“The loftiest in the gifts of head and heart cannot escape from the bond that unties them to the lowest. * * What has the poor savage, whose thought is, at best, a glimmering twilight, in common with him who stands beside him, with a brow like a god’s, and a knowledge that has taken possession of the lower world and apportioned it a place and name? And between these distant points are interminable varieties. Some are born kings in the world of mind, possessing supremacy from their cradle, asking leave of none, but assigning all things their own law; modeling customs, society, religion, after their own thought. So are there lords and princes, each in their beautiful sphere, giving and having wherewith to give, calm, complacent, full: then follow the tribe of beggars of the heart and mind; some unashamed, indifferent to their poverty; others, again, tortured by it, ready to rise upon the monopolizers of thought, and ask, Why oh poet, why, oh prophet, art thou full and clothed, and we naked and hungry? Surely, there is no equality in Nature. Is not one stone from her laboratory clear, beautiful, reflective of the rays of the immeasurable sun, an agate, a cornelian, a topaz, and another, dull, worthless grey pebble, lying by the road-side? Does not one star differ from another? Is the gnarly shrub of the same lineage as the graceful elm? Oh, miserable savin, with your twisted, stunted branches, dost not shrink before the regal chestnut, the far-spreading oak? Far and wide go out their leaves for the inhaling of the atmosphere; in what large draughts do they take it in; but as for thee, a little sufficest thee. And what tie is there between genius and mediocrity? Genius, the gift of thought, the blending of the divine with the human, the partaking of the essence of God, the becoming another person in the Trinity. It knows no want, for it is the maker of wealth: it dwells in the palaces of thought; wanders in gardens of love; worships in temples of illimitable arch, to the swell of organs of unfathomable sound. All outward objects are to it an infinite succession of mirrors, repeating and reflecting every other, according to the light, the form, the position. In the conscious fullness of power, genius can revel in the “Syrian sweets of leisure;” he is not a slave at his task, a hireling at his labor, but sits as a prince at the banquet; not driven to snatch a fearful hour, lest his opportunity vanish, but infinite time and space are his; he has leisure for smiles and sport, and playfulness: he does not toil for his daily bread of thought; it comes to him as he wishes it. Yet let this god deny himself to be the son of man, seek, ever so little, to escape from the mesh of humanity that environs him, and it tells back fearfully upon him in weakness and doubt, in care and pain. Let not the weak in will, the feeble in mind, bow down with any unmanly awe, before the great of intellect and virtue. What are they there for, but as beacons to the race—but to show to every individual that shares in their nature, that such is his own possibility? Could not Peter walk the water, like his lord? Ah, he was weak then; another time he shall have more strength. Genius and virtue have but entered upon their inheritance in advance. The record of their life and consciousness is the mirror in which we may behold our future destiny. How should we bless these angel faces that smile and beckon to us here and there, from out the clouds of mortal life.”

  “How shall we find out what we believe? By noting that upon which we act. That upon which we act is our own faith,—that upon which we do not act is not our faith, fancy it as we may. This is a good test. What opinion, or principle, or feeling, do we act upon? What is the food of every day? To one it may be a conviction, to another a sentiment; but, whatever it be, that produces action,—is our belief, nothing else. Jesus refers to his acts, as proofs of his divinity: “My works bear witness to me.” Just so do our works bear witness to us. Our faith cannot be hidden. Life is a traitor, and tells the secret we would keep. We imagine we believe one thing, and do, in reality, believe another. Let us say that we believe virtue is the only good, but if, in life, we seek other good; if we are unhappy at not obtaining it, does not this show that we were quite mistaken, that many things rival virtue with us, perhaps surpass it? Let us say, that a chivalric generosity is the most ennobling sentiment; that to give without pay, to pour forth talent, time, kindness, without thought of return, is regal and sublime; is the sign and token of intellectual and moral wealth: that it is only the poor in intellect, the feeble in virtue, who would be paid in kind for what they do, let us rejoice in the fancied lavish of our mental treasures, thoughts, and convictions, and feelings: yet, if we find ourself touched by neglect, hurt by unkindness from those to whom we have done kindness, pining with the indifference of those to whom we have given of our mind or heart, it shows that we were under an error; that we gave not in regal profuseness, but lent or sold only. What is our desire to have our kindnesses or powers felt, but a wish to be paid for what we do? We are made to be givers, each in our way; but we descend from our rank and hire ourselves out for praise, for love, for approbation. Who gives most like a king, he who would have others count his money as they take it, and tell him how much each piece is worth, or he who throws in handfulls the uncounted gold, and lets it be gathered for more or less? If a sovereign be indiscriminately taken with a heap of farthings, shall the regal giver heed it? Suppose we impart to others knowledge that we have wrung from the fathomless mine of toil and sorrow, and they receive it as carelessly as if it were the merest commonplaces of experience; suppose we manifest to another kindness and friendliness, that with us have been the victory over resentment and pride, and myriad wounded sensibilities, and he or she to whom we show it, take it as a due, unknowing or uncaring what it cost,—will our gift be less for that? We are sons of God, let us give, as sons of God, time, thought, forbearance, and forgiveness, patience and help: what though they who receive, neither know nor care for the giver, cannot we afford to throw away,—we, whose treasure-house is the perpetual inspiration of the eternal Fathers? That which we live, we believe: every living thing hath faith in somewhat, for faith is the food of life. If we believe in God, we shall live to God: if we believe in vanity, in falseness, we shall live to them. There is not difficulty in finding out what we believe; but, for this purpose, we need not think over what we have heard others say, or have said ourself, but simply ask, From what motive, in what sentiment, did I act or speak yesterday, to-day, now? This belief or sentiment is the home we are dwelling in: we will not hide our eyes to it, and fancy we are living in other mansions: if we wish to go on, we must find out where we are: if we would attain to the true home of the soul, we must learn in what shanty it is now cowering.”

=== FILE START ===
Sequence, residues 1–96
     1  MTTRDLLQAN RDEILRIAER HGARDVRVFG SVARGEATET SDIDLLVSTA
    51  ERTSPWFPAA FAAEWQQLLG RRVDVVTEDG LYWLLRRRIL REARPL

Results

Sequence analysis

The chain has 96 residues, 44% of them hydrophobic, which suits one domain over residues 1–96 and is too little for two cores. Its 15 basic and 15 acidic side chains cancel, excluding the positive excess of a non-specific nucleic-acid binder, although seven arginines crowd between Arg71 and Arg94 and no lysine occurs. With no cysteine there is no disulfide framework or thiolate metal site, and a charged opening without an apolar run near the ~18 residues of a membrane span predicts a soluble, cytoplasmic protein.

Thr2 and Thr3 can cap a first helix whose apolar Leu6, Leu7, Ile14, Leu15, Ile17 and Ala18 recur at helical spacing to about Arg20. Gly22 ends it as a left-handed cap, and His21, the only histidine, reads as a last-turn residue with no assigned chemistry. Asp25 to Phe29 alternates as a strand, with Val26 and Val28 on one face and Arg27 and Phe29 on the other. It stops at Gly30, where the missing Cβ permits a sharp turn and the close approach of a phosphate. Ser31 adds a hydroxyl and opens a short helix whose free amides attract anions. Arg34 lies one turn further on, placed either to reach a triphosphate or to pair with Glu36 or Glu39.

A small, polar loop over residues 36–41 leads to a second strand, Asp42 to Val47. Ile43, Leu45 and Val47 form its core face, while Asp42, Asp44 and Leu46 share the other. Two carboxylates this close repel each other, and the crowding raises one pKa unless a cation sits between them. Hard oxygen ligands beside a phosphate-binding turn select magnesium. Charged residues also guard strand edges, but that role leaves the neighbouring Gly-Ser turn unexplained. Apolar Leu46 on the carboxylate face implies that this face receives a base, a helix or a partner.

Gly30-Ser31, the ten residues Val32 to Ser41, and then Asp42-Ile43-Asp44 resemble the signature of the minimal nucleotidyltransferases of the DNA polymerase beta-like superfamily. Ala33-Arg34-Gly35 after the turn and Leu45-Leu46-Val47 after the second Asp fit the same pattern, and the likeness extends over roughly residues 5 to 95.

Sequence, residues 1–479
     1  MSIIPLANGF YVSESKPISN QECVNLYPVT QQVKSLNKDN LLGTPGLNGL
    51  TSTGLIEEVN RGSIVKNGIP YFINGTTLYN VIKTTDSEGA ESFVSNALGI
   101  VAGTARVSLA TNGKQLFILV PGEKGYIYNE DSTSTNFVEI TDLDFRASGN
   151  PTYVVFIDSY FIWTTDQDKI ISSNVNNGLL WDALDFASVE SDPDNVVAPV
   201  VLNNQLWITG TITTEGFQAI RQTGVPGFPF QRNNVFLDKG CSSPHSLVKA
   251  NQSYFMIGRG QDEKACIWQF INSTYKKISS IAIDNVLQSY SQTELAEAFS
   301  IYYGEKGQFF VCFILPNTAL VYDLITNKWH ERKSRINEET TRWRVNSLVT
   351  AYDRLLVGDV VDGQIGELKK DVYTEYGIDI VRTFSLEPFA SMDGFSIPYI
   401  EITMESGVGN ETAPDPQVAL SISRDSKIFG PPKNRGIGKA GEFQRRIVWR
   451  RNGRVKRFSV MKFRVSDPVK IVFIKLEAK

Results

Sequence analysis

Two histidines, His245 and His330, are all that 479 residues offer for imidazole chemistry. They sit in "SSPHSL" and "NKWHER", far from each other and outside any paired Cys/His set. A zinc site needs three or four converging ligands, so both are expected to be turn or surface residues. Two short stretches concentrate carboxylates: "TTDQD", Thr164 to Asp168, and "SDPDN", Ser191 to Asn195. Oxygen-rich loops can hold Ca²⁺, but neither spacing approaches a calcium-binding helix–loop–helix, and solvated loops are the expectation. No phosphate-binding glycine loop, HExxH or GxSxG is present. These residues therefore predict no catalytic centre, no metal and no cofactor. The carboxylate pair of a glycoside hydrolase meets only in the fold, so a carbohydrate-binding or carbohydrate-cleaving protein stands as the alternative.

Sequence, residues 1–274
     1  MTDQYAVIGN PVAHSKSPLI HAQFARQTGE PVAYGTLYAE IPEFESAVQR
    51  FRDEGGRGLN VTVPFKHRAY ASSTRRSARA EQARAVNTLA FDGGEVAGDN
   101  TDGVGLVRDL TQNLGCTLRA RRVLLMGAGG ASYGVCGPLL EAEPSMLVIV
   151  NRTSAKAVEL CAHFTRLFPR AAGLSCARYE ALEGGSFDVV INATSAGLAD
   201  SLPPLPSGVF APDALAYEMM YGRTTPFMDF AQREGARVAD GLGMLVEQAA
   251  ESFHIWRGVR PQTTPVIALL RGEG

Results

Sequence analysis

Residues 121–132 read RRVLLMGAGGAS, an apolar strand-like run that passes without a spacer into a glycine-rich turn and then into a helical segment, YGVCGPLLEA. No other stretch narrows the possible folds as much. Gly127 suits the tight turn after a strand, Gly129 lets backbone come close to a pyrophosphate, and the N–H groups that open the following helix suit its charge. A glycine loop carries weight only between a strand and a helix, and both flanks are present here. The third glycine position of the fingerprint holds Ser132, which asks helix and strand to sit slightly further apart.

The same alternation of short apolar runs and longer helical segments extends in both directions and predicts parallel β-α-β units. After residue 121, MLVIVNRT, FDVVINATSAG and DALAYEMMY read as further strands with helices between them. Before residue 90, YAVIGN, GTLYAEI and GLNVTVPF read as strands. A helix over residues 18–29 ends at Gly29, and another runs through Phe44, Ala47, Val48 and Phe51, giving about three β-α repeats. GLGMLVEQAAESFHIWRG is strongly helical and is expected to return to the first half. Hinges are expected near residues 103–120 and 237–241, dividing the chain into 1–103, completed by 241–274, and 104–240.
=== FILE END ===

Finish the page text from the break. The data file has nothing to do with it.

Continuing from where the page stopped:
“Studies in Religion . . .” New-York Daily Tribune, 11 September 1845, p. 1.